Warning: New Wines from Aristea Cause Tension and Wet Spots

Things were going just fine until someone at the table deployed the T-word. I looked down into my glass filled with bright, pale wine which happened to be an agreeable blend of Sauvignon Blanc and Semillon, and wondered what this pleasant liquid had done to deserve having clichés like “tension” attributed to it.

But then again, these were the new vintages from the house of Aristea, a set of South African wines made by Matthew Krone and which are rapidly gaining classic status in the international market-place. And so fine they were that one should not really blame commentators bandying useless terms such as “tension” about, as the tasting experience was of the adjective-depleting kind. Although that other fuzzy and useless descriptor “nervous” did not, fortunately, make an appearance.

Aristea’s Sauvignon Blanc/Semillon is a new additon in the Aristea range which hit the scene last year with two slam-dunk wines: Chardonnay and Cabernet Sauvignon. The Aristea goods have caused various wet spots of excitement within the international market-place, with the UK and America clamouring for the stuff.

Matthew Krone

Having previously commented on the Cabernet Sauvignon and Chardonnay, the Sauvignon Blanc/Semillon blend was of especial interest to me in ascertaining whether the class of those first two Aristea wines was being continued. All I should really say, is: And how.

As a category, this kind of white blend is one of South Africa’s finest due to the excellence of Sauvignon Blanc that straddles the grippy, damp-dirt and sour fig character of Sancerre with a soft-fruited New World breeziness. Add Semillon into the mix, a variety that is a trusted and indelible part of the country’s vinous legacy, and true white wine greatness is in reach. As has been shown by both Vergelegen and neighbour Morgenster.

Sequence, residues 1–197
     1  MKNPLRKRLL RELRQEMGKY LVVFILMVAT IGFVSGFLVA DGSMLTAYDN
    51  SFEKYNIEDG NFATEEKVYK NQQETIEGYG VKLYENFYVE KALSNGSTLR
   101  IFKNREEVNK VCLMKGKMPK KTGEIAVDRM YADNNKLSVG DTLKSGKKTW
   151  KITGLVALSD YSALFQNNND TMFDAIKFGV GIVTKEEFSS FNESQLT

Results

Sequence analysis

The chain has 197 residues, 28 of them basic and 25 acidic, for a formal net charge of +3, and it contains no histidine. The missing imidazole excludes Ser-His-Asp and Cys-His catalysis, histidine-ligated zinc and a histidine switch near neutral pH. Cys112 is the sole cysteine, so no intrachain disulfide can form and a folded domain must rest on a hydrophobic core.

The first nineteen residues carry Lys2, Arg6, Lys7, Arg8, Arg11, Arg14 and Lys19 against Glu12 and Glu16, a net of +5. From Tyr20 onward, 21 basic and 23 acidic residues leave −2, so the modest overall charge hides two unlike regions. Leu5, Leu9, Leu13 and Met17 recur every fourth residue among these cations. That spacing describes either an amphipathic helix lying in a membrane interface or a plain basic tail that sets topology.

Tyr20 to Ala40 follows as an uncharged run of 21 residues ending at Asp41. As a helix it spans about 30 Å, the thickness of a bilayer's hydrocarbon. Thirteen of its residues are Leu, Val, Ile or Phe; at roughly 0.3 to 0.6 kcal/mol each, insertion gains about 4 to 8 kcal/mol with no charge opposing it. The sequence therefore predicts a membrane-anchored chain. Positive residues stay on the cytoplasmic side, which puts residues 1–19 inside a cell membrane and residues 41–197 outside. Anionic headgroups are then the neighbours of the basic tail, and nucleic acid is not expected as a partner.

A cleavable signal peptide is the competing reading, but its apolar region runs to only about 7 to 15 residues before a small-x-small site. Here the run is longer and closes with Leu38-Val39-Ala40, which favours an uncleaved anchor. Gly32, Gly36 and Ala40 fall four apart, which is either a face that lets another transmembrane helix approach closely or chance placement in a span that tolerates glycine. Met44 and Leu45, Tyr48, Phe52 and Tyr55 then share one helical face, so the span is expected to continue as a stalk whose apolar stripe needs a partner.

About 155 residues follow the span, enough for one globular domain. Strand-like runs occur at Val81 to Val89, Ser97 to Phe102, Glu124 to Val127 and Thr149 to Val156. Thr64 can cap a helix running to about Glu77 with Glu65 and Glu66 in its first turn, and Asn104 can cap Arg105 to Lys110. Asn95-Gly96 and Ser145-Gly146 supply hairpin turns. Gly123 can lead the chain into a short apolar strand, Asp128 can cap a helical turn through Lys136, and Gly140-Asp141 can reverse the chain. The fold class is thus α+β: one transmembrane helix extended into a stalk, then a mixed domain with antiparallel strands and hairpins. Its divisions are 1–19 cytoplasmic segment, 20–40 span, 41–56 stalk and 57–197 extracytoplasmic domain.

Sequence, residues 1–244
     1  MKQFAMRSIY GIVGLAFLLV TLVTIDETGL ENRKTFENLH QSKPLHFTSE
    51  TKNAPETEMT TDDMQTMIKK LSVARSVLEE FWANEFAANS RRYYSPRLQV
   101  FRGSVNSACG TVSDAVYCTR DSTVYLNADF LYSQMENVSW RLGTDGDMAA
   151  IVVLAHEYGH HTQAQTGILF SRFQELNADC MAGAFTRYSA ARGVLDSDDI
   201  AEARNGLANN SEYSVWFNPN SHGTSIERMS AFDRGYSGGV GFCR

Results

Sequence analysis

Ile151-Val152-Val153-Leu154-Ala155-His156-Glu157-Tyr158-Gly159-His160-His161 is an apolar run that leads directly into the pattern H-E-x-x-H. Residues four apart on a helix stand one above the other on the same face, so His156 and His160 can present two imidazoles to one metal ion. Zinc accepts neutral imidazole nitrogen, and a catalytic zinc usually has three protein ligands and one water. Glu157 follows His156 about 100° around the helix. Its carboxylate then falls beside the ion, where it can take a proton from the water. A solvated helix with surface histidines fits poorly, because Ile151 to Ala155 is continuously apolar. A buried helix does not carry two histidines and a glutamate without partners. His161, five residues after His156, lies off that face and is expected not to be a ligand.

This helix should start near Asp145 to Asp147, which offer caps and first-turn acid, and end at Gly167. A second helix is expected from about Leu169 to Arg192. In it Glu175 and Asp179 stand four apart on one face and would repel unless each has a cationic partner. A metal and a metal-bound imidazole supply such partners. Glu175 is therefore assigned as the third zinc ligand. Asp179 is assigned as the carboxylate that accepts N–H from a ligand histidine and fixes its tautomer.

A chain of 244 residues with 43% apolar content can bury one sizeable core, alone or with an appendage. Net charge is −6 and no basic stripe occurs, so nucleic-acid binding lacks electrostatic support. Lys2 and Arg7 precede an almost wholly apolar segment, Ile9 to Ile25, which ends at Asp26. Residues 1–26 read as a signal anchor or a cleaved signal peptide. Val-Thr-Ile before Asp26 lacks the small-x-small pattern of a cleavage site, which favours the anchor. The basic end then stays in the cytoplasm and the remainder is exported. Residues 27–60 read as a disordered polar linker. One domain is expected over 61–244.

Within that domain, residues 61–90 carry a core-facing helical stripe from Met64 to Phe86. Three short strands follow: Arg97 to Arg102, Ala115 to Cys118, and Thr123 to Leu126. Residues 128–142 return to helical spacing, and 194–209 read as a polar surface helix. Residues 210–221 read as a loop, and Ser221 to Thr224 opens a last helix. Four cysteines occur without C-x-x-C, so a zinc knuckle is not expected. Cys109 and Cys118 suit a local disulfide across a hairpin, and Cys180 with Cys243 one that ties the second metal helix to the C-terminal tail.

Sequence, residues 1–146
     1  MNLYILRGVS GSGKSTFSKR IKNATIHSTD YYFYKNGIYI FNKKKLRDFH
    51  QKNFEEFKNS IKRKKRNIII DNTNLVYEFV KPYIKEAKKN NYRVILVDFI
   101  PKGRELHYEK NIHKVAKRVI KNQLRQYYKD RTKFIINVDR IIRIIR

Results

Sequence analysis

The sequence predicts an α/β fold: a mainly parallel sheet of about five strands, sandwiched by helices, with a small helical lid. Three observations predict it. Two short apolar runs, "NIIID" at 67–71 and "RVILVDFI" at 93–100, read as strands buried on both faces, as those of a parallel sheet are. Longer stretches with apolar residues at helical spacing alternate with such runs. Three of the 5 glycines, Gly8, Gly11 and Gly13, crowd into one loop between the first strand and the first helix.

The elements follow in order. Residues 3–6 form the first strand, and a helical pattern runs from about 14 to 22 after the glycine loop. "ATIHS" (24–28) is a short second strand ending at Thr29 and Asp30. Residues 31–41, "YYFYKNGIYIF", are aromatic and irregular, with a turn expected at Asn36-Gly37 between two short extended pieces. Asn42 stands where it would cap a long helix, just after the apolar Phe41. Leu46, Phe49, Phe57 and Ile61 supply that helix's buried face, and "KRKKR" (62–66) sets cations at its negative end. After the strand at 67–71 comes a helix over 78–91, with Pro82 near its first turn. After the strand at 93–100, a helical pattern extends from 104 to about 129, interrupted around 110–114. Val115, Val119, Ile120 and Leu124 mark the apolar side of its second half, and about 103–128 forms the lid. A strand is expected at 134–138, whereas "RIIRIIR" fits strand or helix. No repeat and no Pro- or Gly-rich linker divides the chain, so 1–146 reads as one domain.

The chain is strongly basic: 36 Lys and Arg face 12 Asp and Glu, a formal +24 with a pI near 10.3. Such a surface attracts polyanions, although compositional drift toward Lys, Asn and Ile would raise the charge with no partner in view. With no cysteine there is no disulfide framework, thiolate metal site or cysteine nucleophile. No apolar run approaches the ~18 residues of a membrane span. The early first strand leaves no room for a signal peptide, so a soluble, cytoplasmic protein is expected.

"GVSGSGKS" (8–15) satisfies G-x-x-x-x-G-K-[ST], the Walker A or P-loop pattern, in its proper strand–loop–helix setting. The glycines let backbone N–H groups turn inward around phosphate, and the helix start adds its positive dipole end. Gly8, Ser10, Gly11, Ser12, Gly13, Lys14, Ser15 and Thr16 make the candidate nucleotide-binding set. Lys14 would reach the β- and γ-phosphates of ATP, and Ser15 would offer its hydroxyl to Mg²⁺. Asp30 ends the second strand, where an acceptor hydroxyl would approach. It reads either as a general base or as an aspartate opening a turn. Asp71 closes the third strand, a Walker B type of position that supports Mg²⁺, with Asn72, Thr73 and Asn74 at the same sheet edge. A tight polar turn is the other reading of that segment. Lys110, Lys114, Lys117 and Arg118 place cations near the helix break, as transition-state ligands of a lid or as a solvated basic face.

For the Aristea Sauvignon Blanc/Semillon, Krone uses grapes from Elgin, a region whose white wine pedigree is about as non-negotiable as Cher’s penchant for organic Botox.

The blend is driven by 75% Sauvignon Blanc. Grapes were kept apart and pressed whole-bunch, racked into barrel and allowed to get fermenting naturally.

The Sauvignon was aged in 500 litre barrels for nine months in 25% new and 75% 2nd-fill French oak barrels, whilst the Semillon was aged in just one 500 litre, 2nd-fill barrel. Both underwent a light bâttonage during the early part of the maturation period.

No blending of the two components takes prior to bottling, Krone calling this an “arranged marriage”, but the varieties are given 10 months to merge in the bottle.

The result is a splendid, delicious wine and further proof that these kind of white blends are among South Africa’s greats.

Though by no means loud and invasive, the wine does not hold back in expressing the varieties as well as its cool-climate origin. Clods of broken rocky soil lift crushed gooseberry, passion fruit and nettles to the fore. The Semillon, again, offers a savoury, spicy accent as well as being chiefly responsible for the luxuriously pleasing palate weight with a hint of bitter apricot pip.

The seamless integration of fruit, assertive texture and brisk acids create a wine filled with the limb-stretching ease of the mid-morning sun, the first break of sweat cooled by an ocean breeze.

Another addition to the Aristea range set to elevate the brand’s already stratospheric profile is the Méthode Cap Classique Rosé 2016, a style Krone obviously feels at home with due to the pioneering role his forebears played in this category.

The blend is Chardonnay and Pinot Noir, 24 months lees contact and if there is one thing that shines through it is the quality of Stellenbosch fruit in a base wine of 20/20 crystal clarity. Get the base juice clear and malolactic ferment the living bejesus out of it, and the winemaker is set for class bubbly.

Krone’s decision of 24 months’ lees contact might sound short for the purists, but as the wine shows, this is where the sweet-spot lies for this Rosé Cap Classique.

The Pinot Noir component provides an assured tannin grasp, as well as a blood-red floral aroma and that pale pink colour of spring pyjamas. The rest is like drinking a just-broken wave of citrus…. a gushing, foamy and starry-eyed sparkling wine that hits you in every place you wish to be hit, plus a few others.

Gorgeously beaded and with a finish longer the bridle on mare let loose to gallop across spring meadows, this is Aristea, the flower of life.

Leave a Reply

Your email address will not be published. Required fields are marked *